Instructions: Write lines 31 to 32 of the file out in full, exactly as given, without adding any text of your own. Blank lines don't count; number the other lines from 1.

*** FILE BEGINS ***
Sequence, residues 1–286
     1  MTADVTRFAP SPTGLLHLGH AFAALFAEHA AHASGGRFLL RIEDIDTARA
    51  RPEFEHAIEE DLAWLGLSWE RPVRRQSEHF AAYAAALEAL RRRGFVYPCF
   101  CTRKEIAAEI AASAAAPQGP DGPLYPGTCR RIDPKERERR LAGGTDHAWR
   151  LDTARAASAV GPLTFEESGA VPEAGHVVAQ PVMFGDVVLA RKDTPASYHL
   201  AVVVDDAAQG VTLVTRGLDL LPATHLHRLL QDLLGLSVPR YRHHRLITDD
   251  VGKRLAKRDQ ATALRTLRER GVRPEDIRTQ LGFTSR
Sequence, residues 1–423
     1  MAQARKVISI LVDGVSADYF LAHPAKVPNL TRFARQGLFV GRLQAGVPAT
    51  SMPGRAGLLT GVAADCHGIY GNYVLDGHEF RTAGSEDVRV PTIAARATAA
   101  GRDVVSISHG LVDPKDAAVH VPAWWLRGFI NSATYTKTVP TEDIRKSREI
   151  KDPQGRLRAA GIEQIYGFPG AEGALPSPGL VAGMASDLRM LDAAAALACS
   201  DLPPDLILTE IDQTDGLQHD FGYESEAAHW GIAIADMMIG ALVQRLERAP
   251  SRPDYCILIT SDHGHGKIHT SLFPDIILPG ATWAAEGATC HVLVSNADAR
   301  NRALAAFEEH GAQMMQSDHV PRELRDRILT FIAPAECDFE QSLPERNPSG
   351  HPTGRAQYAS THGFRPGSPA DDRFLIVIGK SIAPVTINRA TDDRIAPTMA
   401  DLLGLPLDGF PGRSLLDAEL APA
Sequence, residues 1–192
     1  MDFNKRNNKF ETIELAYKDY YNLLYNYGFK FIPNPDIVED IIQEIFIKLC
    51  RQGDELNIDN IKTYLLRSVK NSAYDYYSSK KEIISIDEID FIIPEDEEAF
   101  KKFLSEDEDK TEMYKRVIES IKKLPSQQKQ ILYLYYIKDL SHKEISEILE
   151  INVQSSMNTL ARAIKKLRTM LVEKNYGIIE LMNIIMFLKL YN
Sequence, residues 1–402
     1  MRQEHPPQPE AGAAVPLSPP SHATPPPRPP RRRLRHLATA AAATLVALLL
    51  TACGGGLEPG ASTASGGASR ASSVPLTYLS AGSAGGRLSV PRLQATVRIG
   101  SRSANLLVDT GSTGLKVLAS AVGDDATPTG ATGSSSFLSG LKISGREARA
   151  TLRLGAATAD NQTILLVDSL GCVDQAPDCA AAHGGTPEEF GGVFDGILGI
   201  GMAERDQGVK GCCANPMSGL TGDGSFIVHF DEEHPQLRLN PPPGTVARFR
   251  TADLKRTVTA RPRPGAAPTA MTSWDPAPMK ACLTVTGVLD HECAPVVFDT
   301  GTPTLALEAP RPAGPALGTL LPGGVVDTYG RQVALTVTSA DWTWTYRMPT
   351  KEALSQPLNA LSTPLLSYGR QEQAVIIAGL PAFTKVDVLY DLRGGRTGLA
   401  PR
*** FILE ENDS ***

   351  KEALSQPLNA LSTPLLSYGR QEQAVIIAGL PAFTKVDVLY DLRGGRTGLA
   401  PR